Posted On Monday, Jul 04, 2022
June was quite volatile with the push and pull of macroeconomic factors driving the prices of all asset classes. International gold prices fell by -1.6% m/m to close at $1,807 but held above $1,800 throughout the month on the back of macroeconomic and geopolitical uncertainty. The prices touched a high of $1,879 in the middle of the month after a knee-jerk reaction to the unexpectedly high US CPI numbers that touched 8.6% y/y in May. This was the third consecutive month where the inflation was more than 8% and the 15th month where the inflation numbers have stayed significantly above the threshold of the Fed’s 2% target rate. With inflation running high, investors started anticipating a faster pace of liquidity tightening and rate hikes which caused a swift correction in gold prices to $1,800 levels.
In the June FOMC meeting, the Federal Reserve increased the Fed funds rate by 75 bps to 1.5%, the largest increase in 28 years. The Fed Chair further indicated that there would be rate hikes of equal quantum, if necessary, to curb the rising inflation. This drastically changed the interest rate projections. Before the Fed meeting, February 2023 Fed Funds rates were projected to be less than 3%, which went up to 3.45% after the FOMC statement.
The aggressive tightening of the monetary policy led to a marginal fall in gold prices. However, the drawdown in the asset prices was more pronounced in equities and bonds. The S&P 500 fell by more than 9% last month taking the YTD fall to more than 20%, which is regarded as a bear market territory. On the other hand, a heavy selloff in the bond market was visible with the US 10Y nominal yield nearing 3.5% during mid-June, the highest after 2011. This led to the US 10Y TIPS yield touching 0.89%, the highest since February 2019. The rising yields propelled the flight of money to the US Dollar. The DXY, an index that compares the US dollar with a basket of currencies, jumped to a 20-year high of 105. A stronger dollar and positive real yields had a bearing on gold prices. However, the downside was capped because of risk aversion and a selloff in equities, persistent price pressures, and the geopolitical risk premium due to the Russia-Ukraine war.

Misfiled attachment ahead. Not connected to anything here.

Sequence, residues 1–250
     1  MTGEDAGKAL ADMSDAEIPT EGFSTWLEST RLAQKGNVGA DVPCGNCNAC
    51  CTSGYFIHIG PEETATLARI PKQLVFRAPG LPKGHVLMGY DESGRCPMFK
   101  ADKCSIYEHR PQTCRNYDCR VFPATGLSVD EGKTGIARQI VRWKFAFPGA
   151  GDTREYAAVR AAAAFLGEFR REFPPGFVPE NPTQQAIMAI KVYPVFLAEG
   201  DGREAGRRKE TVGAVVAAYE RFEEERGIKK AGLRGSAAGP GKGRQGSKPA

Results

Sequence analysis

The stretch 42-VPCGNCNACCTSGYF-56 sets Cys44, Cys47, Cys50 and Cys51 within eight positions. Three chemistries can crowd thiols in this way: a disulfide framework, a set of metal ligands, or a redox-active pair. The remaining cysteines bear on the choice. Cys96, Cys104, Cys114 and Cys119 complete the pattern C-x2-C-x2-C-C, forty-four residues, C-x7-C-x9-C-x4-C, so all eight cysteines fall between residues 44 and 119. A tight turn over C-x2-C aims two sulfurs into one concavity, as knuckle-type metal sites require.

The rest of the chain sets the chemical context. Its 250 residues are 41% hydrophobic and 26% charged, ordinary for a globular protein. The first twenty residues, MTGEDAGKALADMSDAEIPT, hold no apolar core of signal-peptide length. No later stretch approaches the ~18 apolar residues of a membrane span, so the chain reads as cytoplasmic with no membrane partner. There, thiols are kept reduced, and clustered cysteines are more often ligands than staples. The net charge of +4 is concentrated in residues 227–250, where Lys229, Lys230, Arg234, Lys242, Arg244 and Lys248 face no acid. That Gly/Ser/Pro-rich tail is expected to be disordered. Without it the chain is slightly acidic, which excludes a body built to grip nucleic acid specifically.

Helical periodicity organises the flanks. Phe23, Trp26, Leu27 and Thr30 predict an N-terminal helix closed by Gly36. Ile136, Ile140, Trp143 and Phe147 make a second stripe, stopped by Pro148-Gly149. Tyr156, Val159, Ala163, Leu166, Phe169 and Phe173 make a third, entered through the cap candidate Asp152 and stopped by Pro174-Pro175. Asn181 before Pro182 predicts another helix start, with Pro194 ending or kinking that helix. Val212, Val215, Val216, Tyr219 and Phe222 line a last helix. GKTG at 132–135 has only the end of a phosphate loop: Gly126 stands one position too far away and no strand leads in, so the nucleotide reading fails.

That said, after the Fed’s extreme hawkish commentary, the recessionary concerns kicked in as investors feared the rate hikes could crash land the economy. The concern was evident in oil prices, which corrected by 6% in a month. Overall commodity prices also fell in June with the CRB Commodity index falling by 7% in a month. Fears of a slowdown were also reflected in the cooling of inflation expectations in the US and investors rushing into Treasury bonds. US 10Y nominal yield and US 10Y TIPS yield ended the month lower at 3.10% and 0.74% respectively.
Looking ahead, we expect gold prices to be rangebound and volatile in the short term as top central banks prioritize fighting inflation over growth, with another 75 bps rate hike expected in the US in July. However, in the medium to long term, we expect significant tailwinds to the gold price given that the global economic growth is expected to slow down meaningfully. The IMF has slashed the US GDP growth forecast to 2.9% from 3.7% in 2022. And when the US sneezes, the rest of the world catches a cold. An economic slowdown might compel the Central Banks, especially the Fed, to cut interest rates or reduce the quantum of hikes and abandon balance sheet reduction i.e pulling out liquidity. This would be a pivot from the current aggressiveness, pushing gold prices up. But given that the price increases are caused due to external shocks, there may be limits to monetary policy’s effectiveness. There is a likelihood that the global economy could enter several years of above-average inflation and below-average growth. This stagflationary environment, if materialised, will have destabilizing consequences for the global economy and markets, supporting investment demand for gold.
On the domestic front, INR depreciated by nearly 2% last month supporting the rupee gold price. Gold in the domestic market was flat m/m but up by 5% YTD. This is a massive outperformance compared to Nifty which is down 9% YTD. The positive sentiment with regard to gold was visible in ETF flows which were robust in May. While there was a net outflow globally, Indian gold ETFs recorded a net inflow of 200 crores in May countering global trends. Moving into July, the basic import duty on gold was hiked from 7.5% to 12.5% in a bid to temper imports of the metal. The immediate result of this move would be higher domestic prices.
Gold demand as an investment is gaining traction lately given investors have realised the relevance of holding gold in the portfolio in uncertain and volatile times. The benefit of currency depreciation along with the strong fundamentals of gold make it an excellent portfolio component to withstand volatility in the equity and bond markets, as well as whatever surprises are in store for the global economy going forward. Moreover, with efficient and convenient products such as Gold ETFs, it becomes easier to gain exposure to this important element of any Indian investor portfolio.
Sources: Bloomberg, World Gold Council
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